Old Glox’ Ghost
By Capt. GW Mortimer
(The Compass Magazine Sept/Oct 1969)
Submitted by TASC Member George Wade
‘So you’re not superstitious – you don’t believe in ghosts’
Neither did the master of the Steamship Gloxinia.
Until I served in the old Gloxinia I was strongly opposed to any opinions that supported beliefs in ghosts and supernatural apparitions, spirits, and the restless dead. When I left that ship, I had an open mind on the subject and now will listen with some sympathy to narratives of experience with unearthly forces. Sailors as a group tend toward easy acceptance of superstition and belief in the hyperphysical. It has been written that ignorant people in general tend to these beliefs naturally, the supposition being that the educated mind can provide reason and explanation for most occurrences within the bounds of live agency.
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By David Sibley
(From SHIPPING Today and Yesterday)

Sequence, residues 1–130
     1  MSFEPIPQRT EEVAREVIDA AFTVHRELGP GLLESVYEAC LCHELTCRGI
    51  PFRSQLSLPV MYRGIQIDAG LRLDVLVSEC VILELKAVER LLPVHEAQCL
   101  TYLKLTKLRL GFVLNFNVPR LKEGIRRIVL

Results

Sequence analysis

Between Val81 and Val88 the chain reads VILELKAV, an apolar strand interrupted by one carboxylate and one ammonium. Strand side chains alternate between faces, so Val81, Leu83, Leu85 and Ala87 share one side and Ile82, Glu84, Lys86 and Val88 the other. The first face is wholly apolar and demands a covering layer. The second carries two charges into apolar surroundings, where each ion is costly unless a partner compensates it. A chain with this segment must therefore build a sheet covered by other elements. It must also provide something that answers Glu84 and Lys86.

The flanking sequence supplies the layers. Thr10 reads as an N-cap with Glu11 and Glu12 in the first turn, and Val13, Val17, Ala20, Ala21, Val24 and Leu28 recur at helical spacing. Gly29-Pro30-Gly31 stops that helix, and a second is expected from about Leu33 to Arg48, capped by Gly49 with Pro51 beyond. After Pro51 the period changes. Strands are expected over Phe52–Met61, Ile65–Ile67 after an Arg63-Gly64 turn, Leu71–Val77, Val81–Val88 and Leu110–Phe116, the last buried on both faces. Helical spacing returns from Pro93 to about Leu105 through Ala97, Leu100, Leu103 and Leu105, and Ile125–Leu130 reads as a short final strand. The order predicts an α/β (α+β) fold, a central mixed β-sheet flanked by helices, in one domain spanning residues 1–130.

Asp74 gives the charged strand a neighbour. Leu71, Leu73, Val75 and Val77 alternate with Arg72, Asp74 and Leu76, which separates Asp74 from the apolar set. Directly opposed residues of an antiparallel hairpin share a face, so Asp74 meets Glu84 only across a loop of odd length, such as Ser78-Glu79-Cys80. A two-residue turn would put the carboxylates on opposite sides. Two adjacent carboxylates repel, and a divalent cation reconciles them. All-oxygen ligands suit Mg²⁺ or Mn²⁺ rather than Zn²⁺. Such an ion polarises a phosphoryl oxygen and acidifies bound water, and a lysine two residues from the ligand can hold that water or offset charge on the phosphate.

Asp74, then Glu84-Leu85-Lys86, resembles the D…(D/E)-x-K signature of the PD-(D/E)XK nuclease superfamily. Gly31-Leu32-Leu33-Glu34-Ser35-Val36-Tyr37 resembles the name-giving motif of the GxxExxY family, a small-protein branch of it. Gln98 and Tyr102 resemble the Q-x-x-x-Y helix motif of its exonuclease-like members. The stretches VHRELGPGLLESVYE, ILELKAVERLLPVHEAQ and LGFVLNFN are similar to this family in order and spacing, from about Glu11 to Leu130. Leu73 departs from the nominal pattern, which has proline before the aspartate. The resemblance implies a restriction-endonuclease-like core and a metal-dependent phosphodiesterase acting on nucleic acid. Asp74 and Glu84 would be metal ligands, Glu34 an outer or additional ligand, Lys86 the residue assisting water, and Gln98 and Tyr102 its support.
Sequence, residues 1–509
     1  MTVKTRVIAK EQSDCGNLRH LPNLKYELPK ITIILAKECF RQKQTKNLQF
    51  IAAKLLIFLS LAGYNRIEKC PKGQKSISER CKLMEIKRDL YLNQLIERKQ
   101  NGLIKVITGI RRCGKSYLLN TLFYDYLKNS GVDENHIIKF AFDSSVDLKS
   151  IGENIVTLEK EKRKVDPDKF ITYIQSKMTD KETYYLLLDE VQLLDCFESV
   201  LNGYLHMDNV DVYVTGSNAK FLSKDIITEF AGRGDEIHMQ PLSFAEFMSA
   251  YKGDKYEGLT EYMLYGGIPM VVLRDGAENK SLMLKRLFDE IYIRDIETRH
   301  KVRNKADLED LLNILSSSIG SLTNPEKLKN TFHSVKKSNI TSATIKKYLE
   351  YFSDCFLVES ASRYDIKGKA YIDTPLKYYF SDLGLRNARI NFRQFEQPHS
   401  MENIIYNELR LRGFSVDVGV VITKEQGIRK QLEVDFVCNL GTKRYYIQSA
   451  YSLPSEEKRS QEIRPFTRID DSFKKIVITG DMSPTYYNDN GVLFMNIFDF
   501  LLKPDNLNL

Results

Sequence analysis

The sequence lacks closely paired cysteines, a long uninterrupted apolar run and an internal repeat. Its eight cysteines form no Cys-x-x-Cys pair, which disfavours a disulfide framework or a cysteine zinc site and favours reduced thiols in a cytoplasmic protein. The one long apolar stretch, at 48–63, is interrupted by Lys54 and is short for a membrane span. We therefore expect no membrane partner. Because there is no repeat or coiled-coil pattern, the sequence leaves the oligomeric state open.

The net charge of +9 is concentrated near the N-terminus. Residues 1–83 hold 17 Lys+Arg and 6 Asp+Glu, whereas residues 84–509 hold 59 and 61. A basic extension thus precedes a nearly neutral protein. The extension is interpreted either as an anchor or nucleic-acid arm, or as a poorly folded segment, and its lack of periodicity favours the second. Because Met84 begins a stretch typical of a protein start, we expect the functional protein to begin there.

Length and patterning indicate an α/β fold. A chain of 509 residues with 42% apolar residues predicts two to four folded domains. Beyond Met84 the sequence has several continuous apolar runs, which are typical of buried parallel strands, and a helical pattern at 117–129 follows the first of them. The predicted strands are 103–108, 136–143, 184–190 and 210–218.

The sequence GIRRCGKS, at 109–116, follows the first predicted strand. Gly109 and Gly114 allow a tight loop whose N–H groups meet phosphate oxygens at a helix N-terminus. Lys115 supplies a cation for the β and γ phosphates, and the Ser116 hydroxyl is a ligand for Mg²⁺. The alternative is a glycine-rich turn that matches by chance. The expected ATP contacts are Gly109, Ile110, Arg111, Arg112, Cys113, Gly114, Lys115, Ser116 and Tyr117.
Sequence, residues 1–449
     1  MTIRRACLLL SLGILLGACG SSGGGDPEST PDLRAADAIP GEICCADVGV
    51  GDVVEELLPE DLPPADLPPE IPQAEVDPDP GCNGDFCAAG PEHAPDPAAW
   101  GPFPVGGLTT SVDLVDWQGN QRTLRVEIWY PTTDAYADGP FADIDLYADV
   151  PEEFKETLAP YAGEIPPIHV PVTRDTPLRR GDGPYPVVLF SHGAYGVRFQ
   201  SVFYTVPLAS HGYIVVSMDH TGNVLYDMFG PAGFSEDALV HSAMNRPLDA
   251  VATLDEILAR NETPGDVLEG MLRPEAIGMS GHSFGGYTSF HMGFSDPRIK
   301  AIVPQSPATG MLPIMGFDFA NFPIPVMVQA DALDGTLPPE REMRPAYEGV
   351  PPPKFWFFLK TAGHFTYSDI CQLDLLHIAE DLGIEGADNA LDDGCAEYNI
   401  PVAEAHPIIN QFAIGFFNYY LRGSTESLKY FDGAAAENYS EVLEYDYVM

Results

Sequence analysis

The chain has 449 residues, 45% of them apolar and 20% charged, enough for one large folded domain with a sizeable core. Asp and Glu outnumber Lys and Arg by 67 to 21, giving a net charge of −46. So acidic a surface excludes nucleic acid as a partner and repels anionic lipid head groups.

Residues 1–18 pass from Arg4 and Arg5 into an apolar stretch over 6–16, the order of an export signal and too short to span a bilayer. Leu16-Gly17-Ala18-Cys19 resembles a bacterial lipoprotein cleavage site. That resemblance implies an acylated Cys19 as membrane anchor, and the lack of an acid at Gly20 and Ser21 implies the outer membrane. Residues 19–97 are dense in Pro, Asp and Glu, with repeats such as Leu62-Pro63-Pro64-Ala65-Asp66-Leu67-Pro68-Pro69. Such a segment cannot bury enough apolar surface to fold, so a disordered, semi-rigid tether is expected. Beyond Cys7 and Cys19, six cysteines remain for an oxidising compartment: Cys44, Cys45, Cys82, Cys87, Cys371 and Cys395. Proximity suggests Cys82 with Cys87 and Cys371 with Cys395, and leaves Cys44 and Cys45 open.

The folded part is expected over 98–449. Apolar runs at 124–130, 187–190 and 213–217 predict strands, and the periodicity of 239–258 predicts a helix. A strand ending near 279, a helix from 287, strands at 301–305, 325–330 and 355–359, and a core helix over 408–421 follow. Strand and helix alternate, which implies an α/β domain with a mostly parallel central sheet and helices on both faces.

IN SEPTEMBER, 1947, a British Military Court war crimes trial was held in Hong Kong in to the execution of crew members and passengers of the British cargo ship Behar, 7,840grt, owned by the Hain Steamship Co., a subsidiary of the P. & 0.Steam Navigation Co. The Behar had been sunk on Mar. 9, 1944, by the Japanese heavy cruiser Tone, under the command of Captain Mayazumi.
The cruiser was part of the Japanese 16th Squadron of the South West Area Fleet under the command of Vice-Admiral Sakonju, who flew his flag in the cruiser Aoba.
At the trial, Vice-Admiral Sakonju was charged with giving the order to execute the approximately 65 prisoners, and Captain Mayazumi was charged with carrying out that order. However, the owners stated to the court the official figure was 72.
The Japanese South West Area Fleet headquarters was located at Penang and at a conference held in February, 1944, it was decided that Allied shipping was to be attacked in the Indian Ocean with a view to disrupting the Allied supply routes.
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